At 12:40 p.m. on January 15, 1919, in Boston’s Industrial North End, a fifty-five foot high steel storage tank containing more than two million gallons of molasses exploded, unleashing an immense wave of thick, viscous goo that swept through the city streets as fast as 35 miles per hour.
The wave – initially thirty feet high, according to some bystanders – exerted enough force “to break the girders of the adjacent Boston Elevated Railway's Atlantic Avenue structure and lift a train off its tracks.” The force of the blast and the ensuing tsunami also overturned dozens of cars and trucks in its path and "demolished several nearby buildings, including a fire station which was crushed by a huge chunk of the steel tank."
Witnesses later stated that, as the tank collapsed, there was a loud rumbling sound, like a machine gun, and that “the ground shook as if a train were passing by.” In his book, Black Tide, Stephen Puleo described the disaster this way:
Molasses, waist deep, covered the street and swirled and bubbled about the wreckage. Here and there struggled a form — whether it was animal or human being was impossible to tell. Only an upheaval, a thrashing about in the sticky mass, showed where any life was…Horses died like so many flies on sticky fly-paper. The more they struggled, the deeper in the mess they were ensnared. Human beings — men and women — suffered likewise.
The next morning, the Boston Evening Globe ran a front-page story based on eyewitness accounts taken on that terrible day:
Fragments of the great tank were thrown into the air, buildings in the neighborhood began to crumple up as though the underpinnings had been pulled away from under them, and scores of people in the various buildings were buried in the ruins, some dead and others badly injured.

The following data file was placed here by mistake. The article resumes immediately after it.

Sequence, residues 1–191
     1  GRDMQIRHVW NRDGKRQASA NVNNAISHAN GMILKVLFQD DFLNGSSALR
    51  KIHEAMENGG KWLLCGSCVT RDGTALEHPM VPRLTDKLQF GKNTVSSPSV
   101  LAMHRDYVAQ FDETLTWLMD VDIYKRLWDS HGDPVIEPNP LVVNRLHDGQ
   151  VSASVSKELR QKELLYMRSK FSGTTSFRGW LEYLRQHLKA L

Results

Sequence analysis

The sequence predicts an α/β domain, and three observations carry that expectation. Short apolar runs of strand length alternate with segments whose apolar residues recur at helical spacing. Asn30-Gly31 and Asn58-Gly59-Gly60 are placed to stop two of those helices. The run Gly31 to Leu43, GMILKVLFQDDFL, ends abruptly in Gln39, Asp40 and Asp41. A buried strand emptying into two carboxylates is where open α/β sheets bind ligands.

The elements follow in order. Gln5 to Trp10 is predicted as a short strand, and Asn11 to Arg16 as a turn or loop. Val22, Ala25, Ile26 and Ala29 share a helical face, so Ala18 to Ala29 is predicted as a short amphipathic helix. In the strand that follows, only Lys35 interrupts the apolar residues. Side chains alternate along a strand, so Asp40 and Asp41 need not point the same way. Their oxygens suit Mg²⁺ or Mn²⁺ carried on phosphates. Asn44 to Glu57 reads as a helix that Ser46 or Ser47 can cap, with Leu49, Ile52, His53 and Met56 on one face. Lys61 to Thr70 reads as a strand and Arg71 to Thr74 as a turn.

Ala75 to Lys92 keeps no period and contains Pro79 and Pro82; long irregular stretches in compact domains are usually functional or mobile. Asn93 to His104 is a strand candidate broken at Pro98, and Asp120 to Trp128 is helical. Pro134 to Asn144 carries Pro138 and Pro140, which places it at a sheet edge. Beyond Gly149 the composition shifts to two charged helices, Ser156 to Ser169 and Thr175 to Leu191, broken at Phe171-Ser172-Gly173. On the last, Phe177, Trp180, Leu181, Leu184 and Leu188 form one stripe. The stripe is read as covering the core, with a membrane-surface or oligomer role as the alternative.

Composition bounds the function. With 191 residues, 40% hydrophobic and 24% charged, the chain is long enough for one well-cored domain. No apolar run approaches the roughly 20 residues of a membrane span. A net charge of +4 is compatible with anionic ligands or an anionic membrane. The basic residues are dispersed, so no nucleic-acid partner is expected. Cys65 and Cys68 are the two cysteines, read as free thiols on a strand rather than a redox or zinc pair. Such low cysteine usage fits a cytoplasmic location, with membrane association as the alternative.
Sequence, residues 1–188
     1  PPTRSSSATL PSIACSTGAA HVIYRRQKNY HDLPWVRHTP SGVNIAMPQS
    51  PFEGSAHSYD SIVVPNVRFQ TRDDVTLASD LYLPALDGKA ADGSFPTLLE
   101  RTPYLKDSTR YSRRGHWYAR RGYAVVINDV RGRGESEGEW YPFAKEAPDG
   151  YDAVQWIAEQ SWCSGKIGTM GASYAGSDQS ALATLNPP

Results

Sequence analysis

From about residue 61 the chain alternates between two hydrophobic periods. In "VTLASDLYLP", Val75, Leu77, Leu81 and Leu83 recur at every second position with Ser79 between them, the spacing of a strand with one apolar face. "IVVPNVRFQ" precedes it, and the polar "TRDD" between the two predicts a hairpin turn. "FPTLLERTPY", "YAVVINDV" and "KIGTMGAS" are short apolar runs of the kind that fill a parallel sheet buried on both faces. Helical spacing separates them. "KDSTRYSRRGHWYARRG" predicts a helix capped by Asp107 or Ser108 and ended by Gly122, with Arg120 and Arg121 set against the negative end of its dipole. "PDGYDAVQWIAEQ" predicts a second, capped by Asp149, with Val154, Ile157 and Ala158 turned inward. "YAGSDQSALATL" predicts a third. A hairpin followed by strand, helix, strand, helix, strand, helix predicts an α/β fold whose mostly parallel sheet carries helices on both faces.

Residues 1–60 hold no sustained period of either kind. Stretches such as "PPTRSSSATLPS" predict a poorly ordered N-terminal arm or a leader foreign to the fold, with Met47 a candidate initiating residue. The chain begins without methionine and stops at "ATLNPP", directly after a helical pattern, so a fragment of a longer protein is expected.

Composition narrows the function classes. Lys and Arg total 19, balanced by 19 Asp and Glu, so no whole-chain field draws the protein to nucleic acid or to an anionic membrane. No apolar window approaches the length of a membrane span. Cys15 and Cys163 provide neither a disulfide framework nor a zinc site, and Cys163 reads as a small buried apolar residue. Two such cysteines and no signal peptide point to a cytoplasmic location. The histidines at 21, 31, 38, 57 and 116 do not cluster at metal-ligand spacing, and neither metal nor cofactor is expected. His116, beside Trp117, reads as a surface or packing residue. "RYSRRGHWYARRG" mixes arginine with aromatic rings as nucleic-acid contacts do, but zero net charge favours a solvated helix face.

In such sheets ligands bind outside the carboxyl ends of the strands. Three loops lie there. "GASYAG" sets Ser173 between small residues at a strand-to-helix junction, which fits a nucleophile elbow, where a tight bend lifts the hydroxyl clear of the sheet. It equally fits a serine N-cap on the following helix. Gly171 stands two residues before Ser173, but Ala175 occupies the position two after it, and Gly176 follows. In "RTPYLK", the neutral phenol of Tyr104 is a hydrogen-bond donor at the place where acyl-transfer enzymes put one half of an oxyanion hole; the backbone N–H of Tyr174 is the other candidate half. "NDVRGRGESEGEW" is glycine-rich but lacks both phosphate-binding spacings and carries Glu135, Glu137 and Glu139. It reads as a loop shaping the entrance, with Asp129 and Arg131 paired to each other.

In all, more than 150 people were injured and 21 children and adults were killed, mostly by crushing or asphyxiation. Fueled by the intense anti-immigrant sentiments that swept through the United States during the post-World War I Red Scare, owners of the distillery tried to pin the disaster on Italian anarchists, claiming that they had bombed the tank because they knew that the molasses was intended to be fermented to produce ethyl alcohol, a key component in the manufacturing of munitions at the time.
Although the exact cause of the disaster was never determined, no evidence of sabotage was ever found and experts generally attributed it to unseasonably warm temperatures combined with structural defects and poor maintenance of the tank.
So what does this have to do with President Woodrow Wilson and food? Well, by coincidence, the day after the disaster, Congress ratified the 18th Amendment of the United States Constitution, which prohibited the manufacture, sale, and distribution of intoxicating liquors. With Prohibition looming on the horizon, rumors began to circulate which held that the tank had been overfilled to enable the owners of the distillery to produce as much rum as quickly as possible before the law took effect.
This claim was later proven untrue due to the fact that the distillery didn't make rum and specialized instead in the production of industrial alcohol, which was exempt from the state prohibition laws in effect at the time, and would later be exempted from the Volstead Act, which was passed by Congress on October 27, 1919 over President Wilson's veto.
Regardless of the cause, more than one hundred lawsuits were filed against the owners of the tank, and litigation dragged on for six years, during which 3,000 witnesses testified. In the end, the court ruled for the plaintiffs and ordered the company to pay nearly a million dollars in damages - a "bittersweet victory for survivors of one of the strangest disasters in American history."
FOOD FACT: Molasses was once used in the United States as the primary sweetener in cooking and baking. According to the Oxford Encyclopedia of Food and Drink, New England colonists also used molasses "as an ingredient in brewing birch beer and molasses beer and in distilling rum." In the early 1700s, "rum made in New England became an essential element in a highly profitable Triangular Trade across the Atlantic. The colonists exported rum to West Africa in trade for slaves; the ships brought the slaves from Africa to the French West Indies, trading them for more molasses and sugar; these products were then shipped to New England to make more rum....When the cost of refined sugar dropped at the end of the nineteenth century...molasses lost its role as an important sweetener in the American diet."